Men and women across the world are at a high risk for cancer. That being said, there are certain cancers which affect women more so than men. These variances are generally due to anatomical differences, but there are other factors at play. In the United States, cancer is the second leading cause of death exceeded only by heart disease. That translates to 1 in 4 American women dying from cancer.
With so many impacted by cancer, awareness is essential. To help, here is a brief look at the three cancers which cause the most deaths for women in the U.S.
Leading the way is lung and bronchus cancer. Causing more than 61,000 female deaths every year, this type of cancer is the deadliest, although not the most frequently diagnosed. Cigarette smoke is the most common cause of lung cancer followed by radon gas and secondhand smoke. However, as air quality worsens in some areas, hazardous chemicals, air particles and other environmental factors also contribute to the high rates of diagnosis. Recently, as fewer people take up smoking and improvements in treating non-small cell lung cancer have been made, the death rates have declined.
The second most deadly cancer affecting women is breast cancer at 43,250 annual deaths. Breast cancer is also the second most commonly diagnosed cancer in American women after skin cancer. It can occur at any age, but with age the risk increases. Other factors increasing a woman’s risk for breast cancer include family history, weight, not bearing any children, not breastfeeding, and using birth control, especially oral contraceptives. Cancer-causing chemicals, alcohol consumption, diet, and exercise levels also play a role. Women should know, there is no definite way to prevent breast cancer. There are, however, preventative screenings every woman should adhere to over the course of her life. These include self-exams, ctDNA testing breast cancer, mammograms and an annual exam performed by her healthcare provider.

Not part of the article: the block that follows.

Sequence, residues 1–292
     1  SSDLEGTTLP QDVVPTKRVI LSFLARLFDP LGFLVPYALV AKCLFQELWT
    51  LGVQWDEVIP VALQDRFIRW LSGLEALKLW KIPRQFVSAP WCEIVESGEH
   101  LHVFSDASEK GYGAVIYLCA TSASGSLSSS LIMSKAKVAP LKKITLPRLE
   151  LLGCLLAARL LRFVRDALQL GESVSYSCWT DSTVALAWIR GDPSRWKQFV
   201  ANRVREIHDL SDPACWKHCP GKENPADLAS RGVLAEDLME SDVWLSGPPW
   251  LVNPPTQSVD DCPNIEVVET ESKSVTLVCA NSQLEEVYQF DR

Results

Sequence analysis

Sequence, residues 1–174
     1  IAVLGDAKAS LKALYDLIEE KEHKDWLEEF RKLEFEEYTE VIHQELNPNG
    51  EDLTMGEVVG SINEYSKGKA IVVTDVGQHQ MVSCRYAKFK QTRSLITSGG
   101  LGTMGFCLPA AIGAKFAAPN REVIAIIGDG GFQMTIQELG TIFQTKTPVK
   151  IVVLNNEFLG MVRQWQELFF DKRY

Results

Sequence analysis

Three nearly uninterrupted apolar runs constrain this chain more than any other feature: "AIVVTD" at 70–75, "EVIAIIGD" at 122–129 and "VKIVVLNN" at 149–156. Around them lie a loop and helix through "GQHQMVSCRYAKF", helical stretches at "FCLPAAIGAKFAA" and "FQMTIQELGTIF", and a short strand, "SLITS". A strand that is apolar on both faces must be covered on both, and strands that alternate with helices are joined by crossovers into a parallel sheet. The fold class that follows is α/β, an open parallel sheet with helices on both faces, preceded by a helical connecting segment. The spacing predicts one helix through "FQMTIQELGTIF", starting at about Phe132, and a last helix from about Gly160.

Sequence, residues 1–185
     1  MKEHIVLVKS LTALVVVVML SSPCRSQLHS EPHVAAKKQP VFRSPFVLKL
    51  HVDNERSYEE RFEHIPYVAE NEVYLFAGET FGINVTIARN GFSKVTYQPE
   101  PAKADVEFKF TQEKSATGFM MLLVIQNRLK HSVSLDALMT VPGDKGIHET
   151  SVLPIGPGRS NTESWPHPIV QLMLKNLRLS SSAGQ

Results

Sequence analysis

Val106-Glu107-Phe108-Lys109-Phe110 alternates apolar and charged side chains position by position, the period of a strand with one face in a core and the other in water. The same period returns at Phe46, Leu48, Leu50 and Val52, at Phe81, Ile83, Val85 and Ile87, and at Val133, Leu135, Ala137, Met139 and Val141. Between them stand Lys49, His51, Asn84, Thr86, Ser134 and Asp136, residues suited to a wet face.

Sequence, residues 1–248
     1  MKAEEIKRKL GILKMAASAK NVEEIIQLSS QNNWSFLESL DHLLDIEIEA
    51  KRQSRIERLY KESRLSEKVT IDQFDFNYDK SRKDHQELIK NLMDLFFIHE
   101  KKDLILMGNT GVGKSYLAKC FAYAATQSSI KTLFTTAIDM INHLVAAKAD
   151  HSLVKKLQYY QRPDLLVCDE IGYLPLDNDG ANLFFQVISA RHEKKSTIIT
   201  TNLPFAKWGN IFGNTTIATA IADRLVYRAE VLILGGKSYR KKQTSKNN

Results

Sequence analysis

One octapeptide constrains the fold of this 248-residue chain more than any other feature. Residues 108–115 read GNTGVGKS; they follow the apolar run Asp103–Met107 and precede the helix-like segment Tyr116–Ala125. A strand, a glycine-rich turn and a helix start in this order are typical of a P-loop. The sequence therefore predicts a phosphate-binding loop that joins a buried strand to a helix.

Last, colon and rectum cancer – also referred to as colorectal cancer or CRC – is the third deadliest. Every year in the U.S. more than 24,180 women die from this type of cancer. CRC affects the intestines, both large and small, which includes the rectum. The risk factors for this type include being over the age of 50, having a family history of CRC, having a personal history of polyps, and intestinal chronic inflammatory conditions, such as ulcerative colitis or Crohn’s disease. Additionally, some lifestyle choices can increase a person’s risk. These include smoking, heavy alcohol consumption, and eating a low-fiber, high-fat diet. Depending on risk factors, regular CRC screening generally begins in a person’s 40s. CRC screening can be broken down into two main groups: stool-based tests and visual (structural) exams, such as a colonoscopy.
Want to learn more about the most common cancers affecting women? Check out the accompanying resource from Natera for further information.